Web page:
Prehistoric fossil draws big crowd to museum

ALBUQUERQUE (KRQE) – The prehistoric elephant skull discovered by a crew of pre-wedding revelers at Elephant Butte Lake is in its new home in Albuquerque, and the fossil is drawing quite a crowd to the New Mexico Museum of Natural History and Science.

Campers celebrating a bachelor party stumbled upon the Stegomastodon skull and tusks in June. Experts say it lived three million years ago, weighed up to 13,000 pounds and stood nine-feet tall.

The specimen was dug up, packed for transport and brought to the New Mexico Museum of Natural History and Science, where it’s been visible for the past few weeks at the FossilWorks lab.

It’s described as one of the most intact Stegomastodon skulls ever found and officials say it’s drawn quite a crowd to that part of the museum.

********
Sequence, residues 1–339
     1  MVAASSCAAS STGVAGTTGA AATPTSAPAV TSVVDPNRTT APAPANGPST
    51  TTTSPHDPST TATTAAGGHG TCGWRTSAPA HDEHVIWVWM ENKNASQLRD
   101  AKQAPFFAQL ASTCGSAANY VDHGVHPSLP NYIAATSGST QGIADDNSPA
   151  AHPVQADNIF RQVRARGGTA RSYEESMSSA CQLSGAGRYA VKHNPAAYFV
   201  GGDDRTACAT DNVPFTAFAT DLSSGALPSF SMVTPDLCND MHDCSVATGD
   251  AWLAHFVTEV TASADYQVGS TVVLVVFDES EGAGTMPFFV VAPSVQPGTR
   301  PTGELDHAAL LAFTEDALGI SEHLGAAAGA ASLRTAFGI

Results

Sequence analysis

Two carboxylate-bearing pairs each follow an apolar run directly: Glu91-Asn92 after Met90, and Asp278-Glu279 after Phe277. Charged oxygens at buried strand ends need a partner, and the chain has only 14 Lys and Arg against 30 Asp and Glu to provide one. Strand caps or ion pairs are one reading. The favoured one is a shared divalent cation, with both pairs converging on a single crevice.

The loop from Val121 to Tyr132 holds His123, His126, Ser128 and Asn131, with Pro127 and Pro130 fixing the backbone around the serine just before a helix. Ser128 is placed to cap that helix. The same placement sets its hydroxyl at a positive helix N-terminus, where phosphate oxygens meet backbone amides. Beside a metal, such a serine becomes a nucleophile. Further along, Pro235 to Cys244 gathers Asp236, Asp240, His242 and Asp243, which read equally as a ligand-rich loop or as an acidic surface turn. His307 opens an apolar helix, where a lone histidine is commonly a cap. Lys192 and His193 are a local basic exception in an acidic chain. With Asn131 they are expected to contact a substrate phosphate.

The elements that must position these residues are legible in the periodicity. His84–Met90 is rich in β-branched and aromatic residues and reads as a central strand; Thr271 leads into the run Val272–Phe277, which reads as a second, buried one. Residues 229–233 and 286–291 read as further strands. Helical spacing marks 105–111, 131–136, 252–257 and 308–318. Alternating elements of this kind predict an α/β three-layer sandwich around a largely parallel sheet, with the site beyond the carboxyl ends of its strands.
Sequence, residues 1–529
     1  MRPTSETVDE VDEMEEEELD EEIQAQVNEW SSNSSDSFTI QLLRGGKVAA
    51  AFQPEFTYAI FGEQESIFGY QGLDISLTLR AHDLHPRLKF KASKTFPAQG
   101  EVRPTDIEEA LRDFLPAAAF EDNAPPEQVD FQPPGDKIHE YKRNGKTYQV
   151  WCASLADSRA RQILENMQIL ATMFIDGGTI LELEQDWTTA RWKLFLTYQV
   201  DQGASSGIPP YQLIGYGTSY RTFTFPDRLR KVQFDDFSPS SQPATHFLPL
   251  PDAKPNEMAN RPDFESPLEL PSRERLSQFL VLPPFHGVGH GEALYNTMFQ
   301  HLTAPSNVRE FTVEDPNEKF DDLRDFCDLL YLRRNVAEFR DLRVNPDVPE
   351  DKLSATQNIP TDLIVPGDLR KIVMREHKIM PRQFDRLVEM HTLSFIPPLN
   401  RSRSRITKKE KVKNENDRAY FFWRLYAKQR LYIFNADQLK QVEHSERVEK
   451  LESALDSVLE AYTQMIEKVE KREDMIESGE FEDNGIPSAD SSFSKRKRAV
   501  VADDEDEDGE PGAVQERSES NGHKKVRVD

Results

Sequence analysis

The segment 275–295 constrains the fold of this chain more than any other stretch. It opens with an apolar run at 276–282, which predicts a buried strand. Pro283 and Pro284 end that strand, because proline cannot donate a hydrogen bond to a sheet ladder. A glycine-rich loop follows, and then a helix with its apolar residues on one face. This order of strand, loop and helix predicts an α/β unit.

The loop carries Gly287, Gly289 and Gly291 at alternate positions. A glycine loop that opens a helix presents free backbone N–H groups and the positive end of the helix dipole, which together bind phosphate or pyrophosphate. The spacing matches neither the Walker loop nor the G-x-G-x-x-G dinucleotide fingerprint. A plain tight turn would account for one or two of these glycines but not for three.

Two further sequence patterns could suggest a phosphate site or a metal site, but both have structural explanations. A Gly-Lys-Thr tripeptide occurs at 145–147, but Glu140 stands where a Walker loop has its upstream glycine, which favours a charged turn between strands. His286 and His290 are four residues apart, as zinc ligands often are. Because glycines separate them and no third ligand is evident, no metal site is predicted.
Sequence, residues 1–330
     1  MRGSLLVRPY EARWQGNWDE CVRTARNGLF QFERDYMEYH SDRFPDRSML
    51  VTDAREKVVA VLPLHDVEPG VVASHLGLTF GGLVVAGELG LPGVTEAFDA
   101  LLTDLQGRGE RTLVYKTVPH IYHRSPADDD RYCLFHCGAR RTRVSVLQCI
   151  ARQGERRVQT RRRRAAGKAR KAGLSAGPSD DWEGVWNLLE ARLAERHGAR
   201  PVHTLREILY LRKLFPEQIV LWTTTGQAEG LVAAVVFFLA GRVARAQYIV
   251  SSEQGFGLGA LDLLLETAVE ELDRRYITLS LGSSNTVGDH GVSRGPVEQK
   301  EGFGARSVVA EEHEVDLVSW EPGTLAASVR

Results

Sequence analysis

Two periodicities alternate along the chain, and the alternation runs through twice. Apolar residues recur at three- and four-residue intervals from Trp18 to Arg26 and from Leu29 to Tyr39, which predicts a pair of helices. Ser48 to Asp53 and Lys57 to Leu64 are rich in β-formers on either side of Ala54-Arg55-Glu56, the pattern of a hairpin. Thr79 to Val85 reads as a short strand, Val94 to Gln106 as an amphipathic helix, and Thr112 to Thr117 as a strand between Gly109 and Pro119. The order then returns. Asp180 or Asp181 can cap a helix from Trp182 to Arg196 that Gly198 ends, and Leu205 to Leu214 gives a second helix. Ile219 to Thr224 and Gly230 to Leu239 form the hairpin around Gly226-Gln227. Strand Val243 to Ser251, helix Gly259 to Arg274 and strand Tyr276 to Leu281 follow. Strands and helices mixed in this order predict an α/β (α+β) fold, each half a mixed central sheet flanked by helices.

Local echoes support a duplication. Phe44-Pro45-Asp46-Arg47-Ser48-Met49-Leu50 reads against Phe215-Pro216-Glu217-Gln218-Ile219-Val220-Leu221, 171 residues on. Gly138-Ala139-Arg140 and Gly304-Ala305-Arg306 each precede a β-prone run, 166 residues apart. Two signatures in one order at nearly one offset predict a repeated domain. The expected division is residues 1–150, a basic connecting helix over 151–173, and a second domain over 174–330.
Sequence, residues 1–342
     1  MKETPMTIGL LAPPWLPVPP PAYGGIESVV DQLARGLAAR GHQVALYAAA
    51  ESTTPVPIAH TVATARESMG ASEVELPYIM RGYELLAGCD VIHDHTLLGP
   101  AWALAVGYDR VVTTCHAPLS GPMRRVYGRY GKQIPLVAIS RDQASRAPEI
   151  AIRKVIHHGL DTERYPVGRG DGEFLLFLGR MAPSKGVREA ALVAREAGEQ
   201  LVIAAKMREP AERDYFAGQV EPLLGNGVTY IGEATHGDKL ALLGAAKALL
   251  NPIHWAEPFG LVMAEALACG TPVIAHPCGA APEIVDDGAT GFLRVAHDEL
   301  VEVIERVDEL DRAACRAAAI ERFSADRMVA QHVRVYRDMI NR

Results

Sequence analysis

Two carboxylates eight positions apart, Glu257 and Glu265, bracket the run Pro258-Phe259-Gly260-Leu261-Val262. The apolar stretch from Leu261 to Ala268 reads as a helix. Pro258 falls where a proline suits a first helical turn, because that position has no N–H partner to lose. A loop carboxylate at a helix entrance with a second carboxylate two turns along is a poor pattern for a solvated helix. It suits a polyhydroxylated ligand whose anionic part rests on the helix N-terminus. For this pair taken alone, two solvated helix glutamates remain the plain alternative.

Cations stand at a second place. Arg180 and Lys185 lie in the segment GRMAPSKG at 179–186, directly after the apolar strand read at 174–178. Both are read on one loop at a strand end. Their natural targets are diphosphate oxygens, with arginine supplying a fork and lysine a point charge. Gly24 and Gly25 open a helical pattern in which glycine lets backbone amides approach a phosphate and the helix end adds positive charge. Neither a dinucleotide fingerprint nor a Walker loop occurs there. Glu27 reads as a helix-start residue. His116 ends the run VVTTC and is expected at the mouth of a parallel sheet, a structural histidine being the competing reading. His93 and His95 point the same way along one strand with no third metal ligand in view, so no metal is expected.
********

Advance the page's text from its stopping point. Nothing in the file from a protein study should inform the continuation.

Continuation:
“Frequently you find the tusks, no skull. Skull, no tusks. They’re still attached, which is why this is an astounding discovery,” FossilWorks Preparator Leonard Whitter told News 13.

Cleaning the fossil should take at least six more months. It’ll be studied by scientists to learn more about how this species measured up to today’s elephants.

The Stegomastodon at the museum still doesn’t have a name.

Officials say right now the focus is on getting the skull and tusks cleaned and ready for display. Where it will be displayed hasn’t been decided.

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